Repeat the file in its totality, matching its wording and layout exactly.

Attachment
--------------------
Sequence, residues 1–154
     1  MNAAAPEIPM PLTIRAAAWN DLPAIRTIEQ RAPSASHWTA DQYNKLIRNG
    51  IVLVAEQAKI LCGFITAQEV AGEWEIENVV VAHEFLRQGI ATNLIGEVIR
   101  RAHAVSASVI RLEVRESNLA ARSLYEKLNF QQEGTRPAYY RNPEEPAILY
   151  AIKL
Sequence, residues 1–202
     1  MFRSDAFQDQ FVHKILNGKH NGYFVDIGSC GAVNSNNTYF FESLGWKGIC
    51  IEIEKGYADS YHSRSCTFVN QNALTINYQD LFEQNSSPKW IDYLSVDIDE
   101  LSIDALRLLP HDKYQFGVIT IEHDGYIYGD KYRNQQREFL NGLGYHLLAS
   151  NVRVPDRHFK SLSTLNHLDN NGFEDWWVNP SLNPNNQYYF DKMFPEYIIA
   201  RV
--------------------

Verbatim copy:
Sequence, residues 1–154
     1  MNAAAPEIPM PLTIRAAAWN DLPAIRTIEQ RAPSASHWTA DQYNKLIRNG
    51  IVLVAEQAKI LCGFITAQEV AGEWEIENVV VAHEFLRQGI ATNLIGEVIR
   101  RAHAVSASVI RLEVRESNLA ARSLYEKLNF QQEGTRPAYY RNPEEPAILY
   151  AIKL
Sequence, residues 1–202
     1  MFRSDAFQDQ FVHKILNGKH NGYFVDIGSC GAVNSNNTYF FESLGWKGIC
    51  IEIEKGYADS YHSRSCTFVN QNALTINYQD LFEQNSSPKW IDYLSVDIDE
   101  LSIDALRLLP HDKYQFGVIT IEHDGYIYGD KYRNQQREFL NGLGYHLLAS
   151  NVRVPDRHFK SLSTLNHLDN NGFEDWWVNP SLNPNNQYYF DKMFPEYIIA
   201  RV